Even when Latin isn’t offered formally in high school, pursuit of the language can help a student win admission, as was the case with Graham Edwards at Bowdoin, said Scott Meiklejohn, dean of admissions and financial aid at the liberal-arts college, founded in 1794.
Edwards, 18, and seven friends created a Latin course after urging from a Lutheran pastor, who volunteered his time to teach them during a free period at the Gibraltar High School, in rural Fish Creek, Wisconsin, about 60 miles (97 kilometers) north of Green Bay.
After Edwards studied French for a year and Spanish for two years, he found the idea of Latin, the ancestor of modern Romance languages, alluring and “shrouded in mystery,” he said. He began by memorizing four to five vocabulary words each night, starting with “laudare,” or “to praise,” the root of the English word “laudatory.”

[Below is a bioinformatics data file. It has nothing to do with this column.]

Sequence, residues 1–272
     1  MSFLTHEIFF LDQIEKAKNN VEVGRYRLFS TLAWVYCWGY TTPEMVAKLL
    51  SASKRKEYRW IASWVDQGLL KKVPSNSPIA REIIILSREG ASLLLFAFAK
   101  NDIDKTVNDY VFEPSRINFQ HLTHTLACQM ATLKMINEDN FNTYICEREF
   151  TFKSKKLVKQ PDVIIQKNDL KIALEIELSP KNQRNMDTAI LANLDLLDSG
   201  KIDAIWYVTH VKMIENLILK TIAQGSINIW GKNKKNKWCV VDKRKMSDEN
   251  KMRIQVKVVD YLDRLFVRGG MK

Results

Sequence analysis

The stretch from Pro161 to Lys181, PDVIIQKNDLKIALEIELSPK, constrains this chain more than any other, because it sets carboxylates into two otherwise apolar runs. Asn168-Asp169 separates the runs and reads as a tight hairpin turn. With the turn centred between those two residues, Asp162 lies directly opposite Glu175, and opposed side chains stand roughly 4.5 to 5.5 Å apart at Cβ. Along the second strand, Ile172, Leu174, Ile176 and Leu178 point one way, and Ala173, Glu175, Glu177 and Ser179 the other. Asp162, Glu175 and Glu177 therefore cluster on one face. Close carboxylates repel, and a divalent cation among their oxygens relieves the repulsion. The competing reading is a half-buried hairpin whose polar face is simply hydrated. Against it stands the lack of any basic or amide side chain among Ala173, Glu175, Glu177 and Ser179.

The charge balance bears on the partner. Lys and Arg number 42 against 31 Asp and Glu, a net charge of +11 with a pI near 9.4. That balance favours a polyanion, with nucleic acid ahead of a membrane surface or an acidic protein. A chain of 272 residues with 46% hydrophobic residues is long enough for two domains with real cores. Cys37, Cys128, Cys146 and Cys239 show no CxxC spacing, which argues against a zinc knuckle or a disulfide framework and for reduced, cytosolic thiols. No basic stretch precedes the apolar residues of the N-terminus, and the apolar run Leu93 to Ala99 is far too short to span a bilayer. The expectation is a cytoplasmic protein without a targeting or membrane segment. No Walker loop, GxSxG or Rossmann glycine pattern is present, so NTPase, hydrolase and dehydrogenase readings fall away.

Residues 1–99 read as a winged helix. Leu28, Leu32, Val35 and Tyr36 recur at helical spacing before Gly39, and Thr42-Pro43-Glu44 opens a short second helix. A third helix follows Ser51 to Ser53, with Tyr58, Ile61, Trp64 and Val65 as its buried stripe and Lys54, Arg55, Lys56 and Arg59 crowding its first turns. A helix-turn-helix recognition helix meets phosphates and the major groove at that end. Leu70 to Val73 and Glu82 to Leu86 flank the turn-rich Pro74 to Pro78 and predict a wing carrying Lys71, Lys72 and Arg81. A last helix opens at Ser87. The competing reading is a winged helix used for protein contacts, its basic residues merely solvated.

Edwards, who wants to pursue neuroscience, said he didn’t expect Latin “would help me out too much” in college admissions.
Edwards’s application showed “intellectual curiosity and willingness to go beyond the normal offerings of his school,” Meiklejohn said.
While often helpful, excelling in Latin by itself provides no guarantee of gaining entrance to Yale University in New Haven, Connecticut, Jeffrey Brenzel, dean of undergraduate admissions, said in an interview.
Applicants shouldn’t “twist themselves in a pretzel” and take on a pursuit such as Latin because it might have a marginal effect on acceptance, Brenzel said. In April, he said in an e-mail that Yale had offered admission to 1,940 applicants, or 7.5 percent.
“Outguessing the admissions committee at a place where we are admitting 7 percent of students is really a self-defeating game,” Brenzel said. “For God’s sake, live your life.”
(Editor’s note: Here is an English translation of the headline on this story: Latin Makes Entry Into Harvard University Easier.)